by S.A.C.C.I

Infrastructure Development Bill

SACCI discusses challenges of EDD's plans to co-ordinate SA's infrastructure projects

SACCI commends the EDD for its efforts, but believes there are still major challenges to overcome

There is a myriad of regulatory obstacles to the actual construction of an infrastructure network, for example environmental impact assessments, municipal and provincial competency differences, labour regulations and health and safety regulations. In this light, a centralised co-ordination institution should, in theory, be able to alleviate the regulatory congestion.

However, the primary requirement for such a co-ordinating body to function is that it is staffed by highly trained professionals from the construction industry, which does not seem to be the case. The risk of including such a body is that an already over-regulated area would incur yet another bureaucratic level.

While the SA Chamber of Commerce and Industry (SACCI) recognises the earnest intention of the EDD to facilitate infrastructure development in South Africa, there is a variety of background issues that require attention rather than merely relying on political power to resolve regulatory backlogs.

Similarly, the scope of the legislation is exceptionally wide and includes infrastructure programmes that fall within the domain of the private sector such as telecommunications as opposed to government-mandated networks such as road and rail.

This presents a unique challenge to the South African business community, as the suggestion is that government would now play a strategic role in managing the rollout of privately funded infrastructure, which in itself would impact on investor confidence.

Infrastructure development is a significant policy issue that has attracted sufficient political will to be placed at the top of government priorities for the short- to medium term.

Given this impetus to drastically expand South Africa’s infrastructure network, there is an acute appreciation of the regulatory hurdles that must be crossed in actual rollout. This bill epitomises a policy response from government to address the plethora of regulations that delay infrastructure expansion.

The underlying assumption of the bill is that co-ordination among government officials would help to overcome the regulatory burdens facing infrastructure expansion. In turn, this implies that the regulatory environment is the key culprit behind the delays, as opposed to a lack of funding or skills deficits. This is a point with which the South African business community concurs.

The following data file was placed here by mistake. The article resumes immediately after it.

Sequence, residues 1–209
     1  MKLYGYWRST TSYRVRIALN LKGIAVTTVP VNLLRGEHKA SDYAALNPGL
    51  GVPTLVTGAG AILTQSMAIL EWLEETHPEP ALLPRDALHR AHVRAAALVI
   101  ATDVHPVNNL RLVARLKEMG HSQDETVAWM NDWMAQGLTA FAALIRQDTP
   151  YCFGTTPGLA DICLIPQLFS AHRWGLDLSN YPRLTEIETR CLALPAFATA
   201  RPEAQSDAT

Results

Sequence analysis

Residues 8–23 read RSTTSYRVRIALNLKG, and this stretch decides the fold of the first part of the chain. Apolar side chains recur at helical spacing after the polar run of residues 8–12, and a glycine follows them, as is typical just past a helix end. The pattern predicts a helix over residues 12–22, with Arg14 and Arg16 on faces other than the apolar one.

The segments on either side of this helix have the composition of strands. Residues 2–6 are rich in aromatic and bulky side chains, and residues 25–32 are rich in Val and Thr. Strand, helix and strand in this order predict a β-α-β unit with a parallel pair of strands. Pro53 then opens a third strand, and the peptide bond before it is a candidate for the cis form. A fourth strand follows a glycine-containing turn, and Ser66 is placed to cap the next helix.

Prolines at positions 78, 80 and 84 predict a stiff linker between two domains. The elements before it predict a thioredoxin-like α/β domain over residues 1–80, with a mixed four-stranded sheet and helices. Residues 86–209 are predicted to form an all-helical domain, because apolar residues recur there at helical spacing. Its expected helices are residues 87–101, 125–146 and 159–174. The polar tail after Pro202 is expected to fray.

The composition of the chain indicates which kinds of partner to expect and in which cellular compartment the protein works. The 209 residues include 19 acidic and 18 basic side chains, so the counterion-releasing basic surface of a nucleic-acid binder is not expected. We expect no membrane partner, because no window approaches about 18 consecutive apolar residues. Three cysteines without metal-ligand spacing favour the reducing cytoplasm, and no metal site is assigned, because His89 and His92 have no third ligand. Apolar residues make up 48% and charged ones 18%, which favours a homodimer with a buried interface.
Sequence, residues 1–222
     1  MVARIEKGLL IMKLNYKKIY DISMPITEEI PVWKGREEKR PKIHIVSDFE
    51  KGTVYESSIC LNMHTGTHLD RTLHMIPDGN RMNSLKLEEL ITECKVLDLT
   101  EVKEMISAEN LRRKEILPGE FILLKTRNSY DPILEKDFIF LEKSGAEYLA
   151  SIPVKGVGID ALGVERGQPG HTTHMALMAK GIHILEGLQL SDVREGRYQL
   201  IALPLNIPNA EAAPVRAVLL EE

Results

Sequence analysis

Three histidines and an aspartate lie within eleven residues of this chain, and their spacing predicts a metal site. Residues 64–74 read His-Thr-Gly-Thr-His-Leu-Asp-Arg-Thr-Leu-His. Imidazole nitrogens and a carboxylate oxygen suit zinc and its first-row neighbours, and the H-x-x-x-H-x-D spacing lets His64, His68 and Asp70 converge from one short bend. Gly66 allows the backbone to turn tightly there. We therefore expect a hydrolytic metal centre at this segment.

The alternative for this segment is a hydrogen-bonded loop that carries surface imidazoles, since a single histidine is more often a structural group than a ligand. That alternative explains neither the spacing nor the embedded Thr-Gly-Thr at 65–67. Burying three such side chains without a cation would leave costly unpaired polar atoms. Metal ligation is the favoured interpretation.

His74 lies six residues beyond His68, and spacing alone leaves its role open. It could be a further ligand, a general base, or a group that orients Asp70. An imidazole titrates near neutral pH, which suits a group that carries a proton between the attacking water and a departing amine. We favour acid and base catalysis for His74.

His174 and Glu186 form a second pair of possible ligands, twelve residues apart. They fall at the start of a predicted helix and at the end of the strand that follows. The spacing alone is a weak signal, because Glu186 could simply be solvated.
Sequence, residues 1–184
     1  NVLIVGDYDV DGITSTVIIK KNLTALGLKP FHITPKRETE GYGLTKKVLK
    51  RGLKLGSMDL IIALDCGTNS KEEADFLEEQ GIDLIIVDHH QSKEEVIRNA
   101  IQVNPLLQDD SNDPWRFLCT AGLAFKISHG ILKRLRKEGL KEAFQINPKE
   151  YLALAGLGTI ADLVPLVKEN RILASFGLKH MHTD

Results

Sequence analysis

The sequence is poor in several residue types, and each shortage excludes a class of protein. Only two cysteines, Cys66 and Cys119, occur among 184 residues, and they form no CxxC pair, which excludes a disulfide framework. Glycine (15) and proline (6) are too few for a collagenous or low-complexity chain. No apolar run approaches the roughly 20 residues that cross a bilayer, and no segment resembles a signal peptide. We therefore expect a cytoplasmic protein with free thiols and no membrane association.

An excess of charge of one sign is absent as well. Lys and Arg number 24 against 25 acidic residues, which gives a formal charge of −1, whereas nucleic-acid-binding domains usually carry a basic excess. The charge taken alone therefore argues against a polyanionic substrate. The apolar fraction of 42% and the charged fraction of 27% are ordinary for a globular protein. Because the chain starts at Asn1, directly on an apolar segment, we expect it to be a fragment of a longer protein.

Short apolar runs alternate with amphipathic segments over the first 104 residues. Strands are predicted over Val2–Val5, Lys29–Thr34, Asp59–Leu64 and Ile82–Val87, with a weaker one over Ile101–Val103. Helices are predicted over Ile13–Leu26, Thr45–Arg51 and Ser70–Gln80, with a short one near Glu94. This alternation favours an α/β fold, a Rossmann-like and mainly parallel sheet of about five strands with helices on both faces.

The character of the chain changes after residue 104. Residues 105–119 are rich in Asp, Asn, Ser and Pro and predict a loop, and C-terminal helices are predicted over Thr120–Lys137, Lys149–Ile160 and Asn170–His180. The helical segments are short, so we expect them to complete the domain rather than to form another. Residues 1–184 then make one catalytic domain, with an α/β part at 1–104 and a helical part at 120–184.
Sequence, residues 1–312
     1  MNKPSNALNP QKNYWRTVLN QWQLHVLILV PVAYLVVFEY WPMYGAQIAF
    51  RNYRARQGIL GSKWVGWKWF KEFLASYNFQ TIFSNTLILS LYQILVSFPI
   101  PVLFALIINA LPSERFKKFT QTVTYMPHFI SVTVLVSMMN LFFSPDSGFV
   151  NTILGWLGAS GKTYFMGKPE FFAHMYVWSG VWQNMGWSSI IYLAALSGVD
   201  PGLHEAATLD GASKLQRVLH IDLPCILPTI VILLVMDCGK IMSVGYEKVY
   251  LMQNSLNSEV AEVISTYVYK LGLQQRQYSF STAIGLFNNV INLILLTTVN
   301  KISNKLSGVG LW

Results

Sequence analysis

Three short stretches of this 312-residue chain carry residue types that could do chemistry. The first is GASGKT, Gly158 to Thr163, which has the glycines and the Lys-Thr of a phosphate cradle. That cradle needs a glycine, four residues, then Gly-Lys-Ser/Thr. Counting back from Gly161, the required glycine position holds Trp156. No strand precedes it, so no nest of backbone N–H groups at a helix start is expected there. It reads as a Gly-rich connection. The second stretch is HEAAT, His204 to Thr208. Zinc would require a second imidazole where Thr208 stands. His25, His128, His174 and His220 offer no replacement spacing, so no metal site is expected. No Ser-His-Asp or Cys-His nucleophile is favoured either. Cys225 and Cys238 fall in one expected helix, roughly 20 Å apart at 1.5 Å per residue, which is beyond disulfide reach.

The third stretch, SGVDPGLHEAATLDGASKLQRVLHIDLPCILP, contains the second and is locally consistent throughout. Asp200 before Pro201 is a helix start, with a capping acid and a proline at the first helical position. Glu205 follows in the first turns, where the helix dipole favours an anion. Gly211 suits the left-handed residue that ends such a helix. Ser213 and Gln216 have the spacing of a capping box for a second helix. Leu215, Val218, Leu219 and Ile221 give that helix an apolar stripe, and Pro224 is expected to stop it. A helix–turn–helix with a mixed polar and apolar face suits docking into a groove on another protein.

Given this set of circumstances, the optimal way forward is to understand what constitute the regulatory hurdles.

Consultation with the relevant stakeholders would assist in the identification of the specific regulations and laws that are causing problems.

The next step would be to address each of these problems as a policy amendment. The creation of a bureaucratic process to iron out problems on an ad hoc manner is purely a short-term solution that ignores the systemic problem. The systemic problem therefore requires a systemic solution.

A second significant assumption underlying the bill is that a number of bureaucrats would be able to influence the regulatory process through political power. SACCI concedes that political will is necessary in most cases to introduce or implement policy, but the complexity of most infrastructure projects means that even a colloquium of industry leaders would have difficulty in finding solutions in the time allowed for the processing of applications.

However, allowing the South African business community representation on the various bodies would ensure the work of the body would be eased due to an ensured technical capacity.

Because of the wide ambit and the specific wording of the bill, the possibility exists that wholly private sector infrastructure projects would now have to submit their applications to an additional bureaucratic level. This is anathema to the entire stated goal of the bill to facilitate infrastructure development, as it increases the administrative cost and delays.

However, the existence of a voluntary one-stop shop for infrastructure developers should provide some value.

In order to ensure policy translates to implementable law, the drafting of legislation must undergo sufficient rigour in order to ensure each provision is unambiguous and contributes to legal certainty rather than detract from it.

In this case, the EDD may consider redrafting the problematic areas in the bill. SACCI recognises that these are exclusively technical errors that frustrate objectives which may be sensible, but the discipline of legal drafting must be maintained.

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Issue 89


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